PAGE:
One of three athletic siblings, Samalulu Clifton is edging towards her dream of representing New Zealand in two water sports. But lockdown has whipped up an unexpected family challenge.  

Samalulu Clifton is no stranger to paddling her way through rough water.

But the aspiring surf lifesaver and kayaker has had to brave a completely different storm in the past two months – with her parents stranded 8500km away during lockdown.

And the couple are still stuck in the Falkland Islands – with no idea when they will get a flight back to New Zealand.

“I’m just at home with my siblings, but luckily we’re all pretty much adults,” the 21-year-old Clifton says. She has a brother, Tuva’a, who’s 22, and an 18-year-old sister, Aotea – all three are athletes who live in the family home in central Auckland.

“It’s definitely made us realise how much our parents actually do for us,” laughs Clifton. “But we’ve made a roster for cooking and chores so we’re all keeping in check.”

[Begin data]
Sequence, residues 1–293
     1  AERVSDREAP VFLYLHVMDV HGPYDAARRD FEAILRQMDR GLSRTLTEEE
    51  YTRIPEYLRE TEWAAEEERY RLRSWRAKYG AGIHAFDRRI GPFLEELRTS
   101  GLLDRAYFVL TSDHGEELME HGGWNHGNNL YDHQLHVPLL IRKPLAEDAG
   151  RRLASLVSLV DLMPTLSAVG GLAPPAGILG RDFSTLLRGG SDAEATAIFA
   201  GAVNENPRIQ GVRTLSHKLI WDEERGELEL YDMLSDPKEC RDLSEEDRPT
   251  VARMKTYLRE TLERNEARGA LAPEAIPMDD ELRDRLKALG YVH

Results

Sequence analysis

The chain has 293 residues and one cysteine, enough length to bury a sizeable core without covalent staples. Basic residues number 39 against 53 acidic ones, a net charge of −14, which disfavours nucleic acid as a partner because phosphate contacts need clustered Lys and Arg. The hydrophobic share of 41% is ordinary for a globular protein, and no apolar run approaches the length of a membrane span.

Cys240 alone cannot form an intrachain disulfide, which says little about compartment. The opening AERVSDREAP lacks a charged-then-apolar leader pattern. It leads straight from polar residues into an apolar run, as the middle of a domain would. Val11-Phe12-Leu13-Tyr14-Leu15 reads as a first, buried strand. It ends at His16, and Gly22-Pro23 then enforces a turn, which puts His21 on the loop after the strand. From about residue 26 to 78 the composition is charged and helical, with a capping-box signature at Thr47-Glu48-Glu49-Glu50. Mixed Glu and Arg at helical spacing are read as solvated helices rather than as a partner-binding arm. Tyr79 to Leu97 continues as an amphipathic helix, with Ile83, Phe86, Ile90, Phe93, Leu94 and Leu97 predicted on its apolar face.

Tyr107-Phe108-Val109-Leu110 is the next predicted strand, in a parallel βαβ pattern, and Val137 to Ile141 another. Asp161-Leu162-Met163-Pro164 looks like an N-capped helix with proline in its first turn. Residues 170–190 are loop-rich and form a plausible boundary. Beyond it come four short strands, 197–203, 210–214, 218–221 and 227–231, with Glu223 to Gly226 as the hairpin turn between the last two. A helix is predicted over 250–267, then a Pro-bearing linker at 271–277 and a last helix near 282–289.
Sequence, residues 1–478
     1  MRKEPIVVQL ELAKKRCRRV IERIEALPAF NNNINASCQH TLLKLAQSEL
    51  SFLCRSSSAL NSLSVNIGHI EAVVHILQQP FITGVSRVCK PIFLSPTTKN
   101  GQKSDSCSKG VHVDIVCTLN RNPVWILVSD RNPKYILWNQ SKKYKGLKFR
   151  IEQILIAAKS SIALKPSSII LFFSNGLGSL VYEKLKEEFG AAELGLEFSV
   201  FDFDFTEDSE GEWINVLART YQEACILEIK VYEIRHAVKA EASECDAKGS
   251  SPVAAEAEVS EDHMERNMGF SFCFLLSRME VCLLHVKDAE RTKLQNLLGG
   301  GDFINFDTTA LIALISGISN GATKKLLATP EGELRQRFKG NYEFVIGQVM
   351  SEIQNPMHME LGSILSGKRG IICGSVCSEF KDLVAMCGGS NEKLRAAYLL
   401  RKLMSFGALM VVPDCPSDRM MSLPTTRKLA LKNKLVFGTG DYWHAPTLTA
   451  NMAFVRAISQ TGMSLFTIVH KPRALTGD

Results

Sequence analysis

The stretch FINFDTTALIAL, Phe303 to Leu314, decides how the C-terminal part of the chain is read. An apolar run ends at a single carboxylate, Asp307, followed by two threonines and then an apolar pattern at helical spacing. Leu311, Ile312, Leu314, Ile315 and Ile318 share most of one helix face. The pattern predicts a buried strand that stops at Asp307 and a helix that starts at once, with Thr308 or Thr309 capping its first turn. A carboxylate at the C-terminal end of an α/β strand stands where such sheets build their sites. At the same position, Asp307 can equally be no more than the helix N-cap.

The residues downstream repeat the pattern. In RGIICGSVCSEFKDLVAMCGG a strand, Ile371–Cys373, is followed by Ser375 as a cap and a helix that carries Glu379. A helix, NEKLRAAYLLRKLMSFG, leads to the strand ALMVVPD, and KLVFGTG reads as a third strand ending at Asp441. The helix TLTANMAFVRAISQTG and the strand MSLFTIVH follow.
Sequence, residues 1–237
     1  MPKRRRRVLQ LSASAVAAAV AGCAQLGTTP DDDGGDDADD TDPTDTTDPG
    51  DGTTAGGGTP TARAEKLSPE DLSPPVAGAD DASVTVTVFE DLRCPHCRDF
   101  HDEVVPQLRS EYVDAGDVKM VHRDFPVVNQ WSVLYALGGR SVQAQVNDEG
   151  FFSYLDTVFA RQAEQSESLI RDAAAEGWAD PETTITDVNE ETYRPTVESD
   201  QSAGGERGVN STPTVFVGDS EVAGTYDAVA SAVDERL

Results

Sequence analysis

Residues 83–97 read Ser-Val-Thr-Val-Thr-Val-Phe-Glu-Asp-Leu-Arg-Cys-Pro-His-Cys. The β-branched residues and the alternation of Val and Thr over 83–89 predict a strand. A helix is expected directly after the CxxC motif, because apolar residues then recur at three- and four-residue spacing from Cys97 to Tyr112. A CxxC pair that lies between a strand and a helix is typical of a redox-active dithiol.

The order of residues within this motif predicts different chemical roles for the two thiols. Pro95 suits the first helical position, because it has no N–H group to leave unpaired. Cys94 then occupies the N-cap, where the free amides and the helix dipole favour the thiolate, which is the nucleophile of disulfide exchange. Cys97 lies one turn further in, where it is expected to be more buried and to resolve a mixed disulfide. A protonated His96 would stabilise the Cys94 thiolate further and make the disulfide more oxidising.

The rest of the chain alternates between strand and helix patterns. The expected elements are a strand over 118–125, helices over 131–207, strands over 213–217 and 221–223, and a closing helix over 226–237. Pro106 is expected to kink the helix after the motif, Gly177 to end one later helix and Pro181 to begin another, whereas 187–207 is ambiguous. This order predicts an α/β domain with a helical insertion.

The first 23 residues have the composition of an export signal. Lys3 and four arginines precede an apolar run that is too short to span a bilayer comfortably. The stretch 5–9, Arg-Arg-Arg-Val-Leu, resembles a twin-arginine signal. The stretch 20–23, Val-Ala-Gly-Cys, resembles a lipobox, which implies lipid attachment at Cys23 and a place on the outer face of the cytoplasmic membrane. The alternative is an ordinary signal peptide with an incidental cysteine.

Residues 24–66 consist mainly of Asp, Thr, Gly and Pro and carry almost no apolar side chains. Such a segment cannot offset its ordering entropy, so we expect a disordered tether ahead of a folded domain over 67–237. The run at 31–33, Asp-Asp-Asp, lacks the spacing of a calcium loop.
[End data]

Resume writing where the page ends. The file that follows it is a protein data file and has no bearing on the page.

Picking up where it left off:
Clifton says her parents had just recently married and decided to visit the territory in the South Atlantic Ocean where her dad is from, before the Covid-19 pandemic hit.

“They haven’t travelled anywhere my whole life, they waited 25 years to get married – and then this happens,” she says. “They have limited WiFi access so they try to call us when they can.”

Clifton has had to balance challenges on the fitness front during the coronavirus lockdown, too.

“I’ve definitely had to be more creative with my training,” she says. A friend provided gym equipment so she could set up at home, and she borrowed a rowing erg from her kayak club.

Clifton has become deft at balancing, while competing at the top of two sports. She started surf lifesaving at the age of nine, which led to picking up kayaking at 13.

The water sport combination has proved fruitful. Last year she travelled to Japan to compete in the Sanyo Cup with the New Zealand surf lifesaving team, and in November, she made the New Zealand invitation squad for kayaking.

While she’s managed to maintain her fitness over the last two months, a big test of how she’s fared during this unusual time will come later in the year.

At the end of the one-year opportunity with the kayaking squad, Clifton will discover if she is bumped up to a carded athlete – a position which brings support from High Performance Sport New Zealand.